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Posted on 25 May 2022 | 0 comments

After Jon had done such a great job on the drawers, it was time to fit the doors to the cupboards at the rear and on the toilet.

The toilet door was the first to be made. It’s a stand-alone door so we thought it would be the simplest one to make. The type of hinges we bought are normally used on kitchen cupboards (in houses) so we had the maximum possible adjustment options after hanging them. They come in three different versions, full overlay, half overlay and inset (and when we started we had no idea what that meant and which ones we needed!).

starting hanging the toilet door

working late adding the catch for the toilet door

We bought full overlay hinges for the toilet door, inset hinges for the left rear cupboard door, and half-overlay for the remaining cupboard doors. We spent a bit of time in Bunnings trying to work out which ones we needed, and in the end only had to change one set for the right rear cupboard door.

With these hinges you can choose either soft-close or normal. We used the soft-close, but realised later we probably should have just bough the standard ones as our soft-close don’t automatically lock on the catch when we close them as the closing movement is too gentle to pull the latch over the catch. Never mind….

Way back when we bought the hinges we had also, wisely, invested in a little plastic jig. It helped us a lot to find the correct locations for the holes that needed to be drilled. We are still using our nut inserts for every screw that goes into the ply, so we added several more for the doors as every  hinge, latch and catch needs a couple.

There was a slight panic attack after all the hard work on the toilet door when we drilled the hole for the latch in the wrong spot (at the bottom instead of at the top!), but luckily we found a relatively straight-forward way to fix it and we just drilled another hole in the right spot! Our first door was hung (after a couple of days delay as we were fixing the hole) and we were mighty pleased with the result.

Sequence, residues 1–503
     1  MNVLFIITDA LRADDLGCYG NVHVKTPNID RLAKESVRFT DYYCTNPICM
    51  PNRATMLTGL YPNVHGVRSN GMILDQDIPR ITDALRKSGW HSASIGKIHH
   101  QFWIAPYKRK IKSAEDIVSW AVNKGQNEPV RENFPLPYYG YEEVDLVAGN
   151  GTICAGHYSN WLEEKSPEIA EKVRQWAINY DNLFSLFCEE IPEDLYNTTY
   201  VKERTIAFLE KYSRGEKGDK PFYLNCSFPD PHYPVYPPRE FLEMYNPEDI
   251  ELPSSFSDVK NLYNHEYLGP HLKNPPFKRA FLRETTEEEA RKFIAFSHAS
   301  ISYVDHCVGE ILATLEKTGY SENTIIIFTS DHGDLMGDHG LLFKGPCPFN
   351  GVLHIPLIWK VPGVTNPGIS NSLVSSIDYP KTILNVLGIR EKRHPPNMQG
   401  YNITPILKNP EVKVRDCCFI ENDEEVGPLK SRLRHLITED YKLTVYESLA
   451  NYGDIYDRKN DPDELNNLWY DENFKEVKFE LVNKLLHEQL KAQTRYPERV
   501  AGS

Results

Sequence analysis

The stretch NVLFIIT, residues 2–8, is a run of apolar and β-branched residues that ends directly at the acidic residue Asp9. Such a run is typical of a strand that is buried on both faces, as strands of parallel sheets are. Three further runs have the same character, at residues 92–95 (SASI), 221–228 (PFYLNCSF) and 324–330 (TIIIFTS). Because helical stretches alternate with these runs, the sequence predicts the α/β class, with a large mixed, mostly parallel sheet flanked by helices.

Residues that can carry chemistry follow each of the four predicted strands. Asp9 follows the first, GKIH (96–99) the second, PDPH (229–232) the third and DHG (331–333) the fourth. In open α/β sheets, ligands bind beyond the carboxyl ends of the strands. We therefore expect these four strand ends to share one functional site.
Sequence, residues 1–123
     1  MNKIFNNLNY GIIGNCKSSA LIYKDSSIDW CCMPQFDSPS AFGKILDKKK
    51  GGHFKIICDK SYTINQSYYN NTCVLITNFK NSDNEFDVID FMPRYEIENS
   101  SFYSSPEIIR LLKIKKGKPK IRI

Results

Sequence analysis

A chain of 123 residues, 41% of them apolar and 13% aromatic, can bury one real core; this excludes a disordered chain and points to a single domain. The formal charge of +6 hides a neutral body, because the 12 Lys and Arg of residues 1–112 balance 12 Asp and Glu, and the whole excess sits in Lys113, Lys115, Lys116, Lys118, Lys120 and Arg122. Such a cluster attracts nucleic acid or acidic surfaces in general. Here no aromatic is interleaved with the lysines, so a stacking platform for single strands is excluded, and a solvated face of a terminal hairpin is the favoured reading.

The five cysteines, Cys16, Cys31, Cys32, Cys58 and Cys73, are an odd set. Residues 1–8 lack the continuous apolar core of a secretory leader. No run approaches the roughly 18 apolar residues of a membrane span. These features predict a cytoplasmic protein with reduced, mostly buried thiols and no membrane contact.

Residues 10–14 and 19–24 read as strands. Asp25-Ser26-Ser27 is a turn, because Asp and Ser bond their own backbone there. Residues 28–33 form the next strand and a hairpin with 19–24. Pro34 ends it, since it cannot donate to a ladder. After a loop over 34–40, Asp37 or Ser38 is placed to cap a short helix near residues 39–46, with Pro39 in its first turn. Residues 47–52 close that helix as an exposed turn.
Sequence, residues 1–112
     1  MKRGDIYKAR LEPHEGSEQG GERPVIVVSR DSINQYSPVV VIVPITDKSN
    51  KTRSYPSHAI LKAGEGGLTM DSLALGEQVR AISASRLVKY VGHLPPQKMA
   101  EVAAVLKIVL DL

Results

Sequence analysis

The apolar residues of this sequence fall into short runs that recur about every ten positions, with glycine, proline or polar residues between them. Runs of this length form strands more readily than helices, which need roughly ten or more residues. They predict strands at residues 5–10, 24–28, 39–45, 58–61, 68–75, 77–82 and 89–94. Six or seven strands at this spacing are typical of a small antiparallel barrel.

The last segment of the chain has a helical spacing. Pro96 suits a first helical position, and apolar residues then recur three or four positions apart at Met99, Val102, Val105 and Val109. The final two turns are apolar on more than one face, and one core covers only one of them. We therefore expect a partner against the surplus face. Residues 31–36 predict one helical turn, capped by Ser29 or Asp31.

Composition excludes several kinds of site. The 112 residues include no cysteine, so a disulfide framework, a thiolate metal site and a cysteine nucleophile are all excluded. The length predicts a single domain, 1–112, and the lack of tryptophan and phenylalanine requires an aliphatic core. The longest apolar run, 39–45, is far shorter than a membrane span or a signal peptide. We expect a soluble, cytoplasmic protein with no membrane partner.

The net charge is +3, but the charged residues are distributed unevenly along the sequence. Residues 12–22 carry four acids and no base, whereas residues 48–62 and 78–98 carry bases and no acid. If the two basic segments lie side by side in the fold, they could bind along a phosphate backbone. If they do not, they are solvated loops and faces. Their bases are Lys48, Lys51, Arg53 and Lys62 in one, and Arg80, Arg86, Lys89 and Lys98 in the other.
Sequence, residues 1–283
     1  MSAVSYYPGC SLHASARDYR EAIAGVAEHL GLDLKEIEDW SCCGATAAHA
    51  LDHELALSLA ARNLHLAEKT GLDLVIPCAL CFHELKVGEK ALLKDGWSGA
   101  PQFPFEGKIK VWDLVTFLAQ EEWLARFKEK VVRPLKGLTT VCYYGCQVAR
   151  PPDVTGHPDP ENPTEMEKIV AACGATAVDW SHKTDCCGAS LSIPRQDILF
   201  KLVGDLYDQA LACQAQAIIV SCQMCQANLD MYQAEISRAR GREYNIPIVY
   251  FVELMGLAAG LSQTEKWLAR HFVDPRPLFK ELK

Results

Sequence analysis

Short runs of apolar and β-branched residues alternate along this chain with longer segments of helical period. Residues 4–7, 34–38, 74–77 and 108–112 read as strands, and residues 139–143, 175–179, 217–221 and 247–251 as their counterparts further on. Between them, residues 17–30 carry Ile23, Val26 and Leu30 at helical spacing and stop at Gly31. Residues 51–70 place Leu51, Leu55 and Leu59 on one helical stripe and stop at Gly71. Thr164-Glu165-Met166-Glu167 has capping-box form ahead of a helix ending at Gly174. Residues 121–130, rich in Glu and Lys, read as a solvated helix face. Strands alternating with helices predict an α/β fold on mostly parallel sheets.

oops, we cut the hole in the wrong place

We fixed the big hole by inserting two pieces of ply that were cut out with the same spade bit that creates the holes for the latches. As we were using a spade to cut out the holes for the latches, we didn’t have a complete plug we could put back in, but luckily the spade leaves just enough ply that two pieces from two previous holes glued together filled up the biggest part of the hole. After letting that dry, we added wood filler in a few layers and sanded that back. Once we add the everdure, sand it again and spray our paint on, it will be impossible to see the wrong hole.

toilet door in place – looking great

Hanging doors is real precision work as everything needs to fit millimeter precise, so Jon spent another 3 days cutting the four rear cupboard doors from our last bits of 15mm ply. He drilled the holes for the hinges, latches and catches and finally hung them and adjusted them so they all open and close perfectly. Once they were hung, all that was left to do was making a few final minor adjustments with the router so they are all the same height.

We now think (hope) we have completed all our plywood work! That’s a major milestone ticked and we are very happy with the result!

selecting which bit of wood to use for which door

the first door from the rear cupboards is in

checking alignment

and the second door is in

we now have all doors fitted to the rear cupboards

and this is what they look like after they were painted

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